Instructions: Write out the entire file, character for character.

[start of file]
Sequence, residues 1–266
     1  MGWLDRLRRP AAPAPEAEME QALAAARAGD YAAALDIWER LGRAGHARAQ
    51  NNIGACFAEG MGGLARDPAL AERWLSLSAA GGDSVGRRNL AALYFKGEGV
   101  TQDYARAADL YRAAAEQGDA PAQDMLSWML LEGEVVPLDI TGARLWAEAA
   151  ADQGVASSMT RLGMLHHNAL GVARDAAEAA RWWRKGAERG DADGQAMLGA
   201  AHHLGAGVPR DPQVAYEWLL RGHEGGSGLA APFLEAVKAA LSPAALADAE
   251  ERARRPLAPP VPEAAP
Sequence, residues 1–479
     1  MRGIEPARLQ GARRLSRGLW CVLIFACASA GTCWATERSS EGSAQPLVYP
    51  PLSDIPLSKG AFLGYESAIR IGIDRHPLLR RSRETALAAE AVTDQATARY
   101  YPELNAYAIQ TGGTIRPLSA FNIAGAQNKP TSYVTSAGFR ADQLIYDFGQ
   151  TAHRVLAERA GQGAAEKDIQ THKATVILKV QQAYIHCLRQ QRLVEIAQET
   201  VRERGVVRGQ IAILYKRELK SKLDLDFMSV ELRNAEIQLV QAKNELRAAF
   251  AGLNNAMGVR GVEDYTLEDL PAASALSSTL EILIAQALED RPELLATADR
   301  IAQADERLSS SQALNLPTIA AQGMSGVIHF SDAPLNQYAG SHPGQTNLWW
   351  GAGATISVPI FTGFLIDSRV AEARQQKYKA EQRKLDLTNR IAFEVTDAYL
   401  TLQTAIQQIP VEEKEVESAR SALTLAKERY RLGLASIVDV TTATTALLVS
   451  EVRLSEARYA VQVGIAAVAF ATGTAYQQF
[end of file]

Sequence, residues 1–266
     1  MGWLDRLRRP AAPAPEAEME QALAAARAGD YAAALDIWER LGRAGHARAQ
    51  NNIGACFAEG MGGLARDPAL AERWLSLSAA GGDSVGRRNL AALYFKGEGV
   101  TQDYARAADL YRAAAEQGDA PAQDMLSWML LEGEVVPLDI TGARLWAEAA
   151  ADQGVASSMT RLGMLHHNAL GVARDAAEAA RWWRKGAERG DADGQAMLGA
   201  AHHLGAGVPR DPQVAYEWLL RGHEGGSGLA APFLEAVKAA LSPAALADAE
   251  ERARRPLAPP VPEAAP
Sequence, residues 1–479
     1  MRGIEPARLQ GARRLSRGLW CVLIFACASA GTCWATERSS EGSAQPLVYP
    51  PLSDIPLSKG AFLGYESAIR IGIDRHPLLR RSRETALAAE AVTDQATARY
   101  YPELNAYAIQ TGGTIRPLSA FNIAGAQNKP TSYVTSAGFR ADQLIYDFGQ
   151  TAHRVLAERA GQGAAEKDIQ THKATVILKV QQAYIHCLRQ QRLVEIAQET
   201  VRERGVVRGQ IAILYKRELK SKLDLDFMSV ELRNAEIQLV QAKNELRAAF
   251  AGLNNAMGVR GVEDYTLEDL PAASALSSTL EILIAQALED RPELLATADR
   301  IAQADERLSS SQALNLPTIA AQGMSGVIHF SDAPLNQYAG SHPGQTNLWW
   351  GAGATISVPI FTGFLIDSRV AEARQQKYKA EQRKLDLTNR IAFEVTDAYL
   401  TLQTAIQQIP VEEKEVESAR SALTLAKERY RLGLASIVDV TTATTALLVS
   451  EVRLSEARYA VQVGIAAVAF ATGTAYQQF